After publishing two podcasts back to back in previous weeks today, for something different, I am posting the top 10 outdoors photos that I took in 2019. Most of them have already been posted on my Instagram page, but if you missed some or all of them, or Instagram is not your cup of tea, then here you have it.
The benefits of being outdoors for mental health and wellbeing have been discussed on this podcast many times. Each time you, my listeners, have expressed a great interest in this subject. So, today, we are back at it with Philip Stallard, who is a Director and Adventure Therapist at New Wave Adventure Therapy which offers outdoors based therapeutic intervention grounded in the disciplines of psychotherapy, counselling and social work.
You probably look at the title of this podcast and wonder what is going on? So I feel like a little disclaimer is in order. It is far from my intention to be canvassing for one political party or another. Instead, I want outdoors enthusiasts to be aware of how their support for various political options might impact the activities they love.
I hope this will be the first of many podcasts in which I get to talk with representatives of different political parties and ask questions about issues that are of vital interest to outdoorsmen and women. In this episode we talk about the protection of the natural environment, tackling biodiversity loss and climate change, greenways and cycling infrastructure, farming, land access, overfishing, the role of NGOs and much more.
Finally, if you or someone you know is a member of a political party who would be happy to sit down with me for an hour and talk, please do not hesitate to contact me through one of the many channels available. I would love to continue the series and inform fellow outdoors-people about the views of different political parties and their representatives towards the issues important to us.
Gráinne Clancy is a counsellor, psychotherapist and owner of Clancy Care Counselling. Gráinne has vast experience working with people who are going through hard times in their lives. So, I was delighted to have the opportunity to talk with her about how being in the outdoors benefits mental health. You can think of our discussion as an expansion on an article published on Tommy’s Outdoors blog titled, “Benefits of the Outdoors”. It was a very interesting conversation and I would encourage everyone to listen to it.
My guest today, Bryan Fennell, is the Rural Recreation Officer for County Wicklow Partnership. He loves the adventures, and works to promote activities, in the wilds of Co. Wicklow. In this episode we talk about opportunities to experience the great outdoors in County Wicklow. Of course, I had to touch on the subject of the natural environment and the need to protect it. We also talk about deer stalking in the Wicklow Mountains and, on a separate note, the sometimes difficult relationship between sportsmen and ecologists.
This article was posted earlier this year as a guest entry on the DigiGranBiz travel blog. Unfortunately the aforementioned blog no longer exists, so I decided to publish a slightly refreshed version of the original text here on Tommy’s Outdoors website.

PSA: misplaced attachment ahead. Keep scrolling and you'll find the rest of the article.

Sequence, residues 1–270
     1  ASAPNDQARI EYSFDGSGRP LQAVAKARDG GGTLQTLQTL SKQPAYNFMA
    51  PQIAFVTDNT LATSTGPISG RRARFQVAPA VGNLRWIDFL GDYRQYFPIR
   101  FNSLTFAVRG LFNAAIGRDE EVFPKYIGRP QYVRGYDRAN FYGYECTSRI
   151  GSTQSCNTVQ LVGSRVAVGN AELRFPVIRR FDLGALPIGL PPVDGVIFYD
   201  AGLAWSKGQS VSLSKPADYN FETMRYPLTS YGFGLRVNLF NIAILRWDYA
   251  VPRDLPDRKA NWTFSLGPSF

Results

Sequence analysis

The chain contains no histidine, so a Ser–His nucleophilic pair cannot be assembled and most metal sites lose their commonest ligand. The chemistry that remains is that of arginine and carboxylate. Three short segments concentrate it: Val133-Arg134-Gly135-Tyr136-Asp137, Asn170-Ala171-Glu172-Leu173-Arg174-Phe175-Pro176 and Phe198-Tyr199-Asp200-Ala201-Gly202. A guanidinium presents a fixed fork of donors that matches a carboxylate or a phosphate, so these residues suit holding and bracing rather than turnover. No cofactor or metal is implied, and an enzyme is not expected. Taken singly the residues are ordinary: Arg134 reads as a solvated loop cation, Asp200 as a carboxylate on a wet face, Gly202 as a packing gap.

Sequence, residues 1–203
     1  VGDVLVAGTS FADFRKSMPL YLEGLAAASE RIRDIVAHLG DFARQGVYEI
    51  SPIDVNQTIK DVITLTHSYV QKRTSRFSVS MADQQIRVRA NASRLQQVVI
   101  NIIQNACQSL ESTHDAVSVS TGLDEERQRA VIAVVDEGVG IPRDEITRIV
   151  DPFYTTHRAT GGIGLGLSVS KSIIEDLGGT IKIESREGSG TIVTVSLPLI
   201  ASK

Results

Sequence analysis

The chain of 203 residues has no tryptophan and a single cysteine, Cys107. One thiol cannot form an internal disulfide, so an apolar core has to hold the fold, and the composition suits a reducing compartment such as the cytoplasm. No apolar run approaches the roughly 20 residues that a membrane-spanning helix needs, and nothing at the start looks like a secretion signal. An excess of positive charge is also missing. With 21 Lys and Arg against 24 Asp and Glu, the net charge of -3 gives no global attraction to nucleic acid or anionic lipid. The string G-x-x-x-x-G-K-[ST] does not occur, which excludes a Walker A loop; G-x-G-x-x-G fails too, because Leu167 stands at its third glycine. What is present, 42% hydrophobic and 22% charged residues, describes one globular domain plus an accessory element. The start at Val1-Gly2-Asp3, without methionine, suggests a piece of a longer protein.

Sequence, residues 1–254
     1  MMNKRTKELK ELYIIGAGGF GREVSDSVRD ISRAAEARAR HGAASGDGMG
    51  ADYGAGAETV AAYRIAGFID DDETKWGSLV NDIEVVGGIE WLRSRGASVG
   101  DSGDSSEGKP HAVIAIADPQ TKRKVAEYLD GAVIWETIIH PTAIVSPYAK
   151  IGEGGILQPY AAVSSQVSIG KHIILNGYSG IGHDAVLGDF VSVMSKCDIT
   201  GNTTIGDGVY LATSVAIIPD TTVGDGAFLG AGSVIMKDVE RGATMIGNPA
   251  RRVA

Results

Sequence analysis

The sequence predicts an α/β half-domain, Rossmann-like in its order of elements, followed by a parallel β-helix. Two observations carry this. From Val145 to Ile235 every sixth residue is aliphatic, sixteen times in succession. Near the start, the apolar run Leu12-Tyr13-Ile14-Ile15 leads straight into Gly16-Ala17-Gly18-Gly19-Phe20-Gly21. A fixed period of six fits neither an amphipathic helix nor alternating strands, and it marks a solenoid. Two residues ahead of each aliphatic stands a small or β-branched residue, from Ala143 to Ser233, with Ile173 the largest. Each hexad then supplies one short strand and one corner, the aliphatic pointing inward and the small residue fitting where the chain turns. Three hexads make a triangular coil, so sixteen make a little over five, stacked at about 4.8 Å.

Taking on outdoor activities is like a cure for the damaging, sedentary lifestyle that most of us are living. Our bodies are fundamentally built for movement. Prolonged hours in the same, often unnatural position, are damaging to our musculoskeletal system. Similarly our minds are built for a challenge, but not for the persistent stress that we receive in microdoses daily.
The solution is not simply a matter of going to the gym and exercising. For proper functioning our bodies and minds also need fresh air, the sounds of nature, and the light that comes from the central star known as the sun. While in nature we can disconnect from our own entangled thoughts. We can start paying attention to our surroundings and how they influence us. We will quickly notice that our minds stabilize and become relaxed. The tension in our muscles goes away. Our mood lifts.
Getting into nature also lets us leave behind most of the pollution generated by civilization. Fossil fuel fumes, chemicals, overwhelming noise, excess of the blue light generated by ubiquitous screens, and electrosmog. The harmful effects of most of these are well known and documented. The effects of others are still unknown.
Staying in a natural environment for a few days offers further benefits. The circadian rhythm, unnaturally distorted by ever-present artificial lighting, resets and begins to work in its natural way. Our eating habits begin to return to their normal pattern of around 15 hours of fasting and 9 hours of feeding.
Finally, our spiritual side gets an enormous boost. Connection with the natural environment that surrounds us, a mountain, the sea, or a forest, is very real and almost palpable. It forces us to ask the timeless questions about our own existence and place on this earth.
I hope that this short text encouraged you to spend more time in nature and to do so more consciously. The benefits are countless and the drawbacks are none. And if you feel like you are getting the bug, come back and visit this website more often and immerse yourself in the world of the outdoors. Also, subscribe to the podcast on the platform of your choice (Apple Podcasts, Stitcher, SoundCloud, TuneIn, Podbean and more). See you in the outdoors!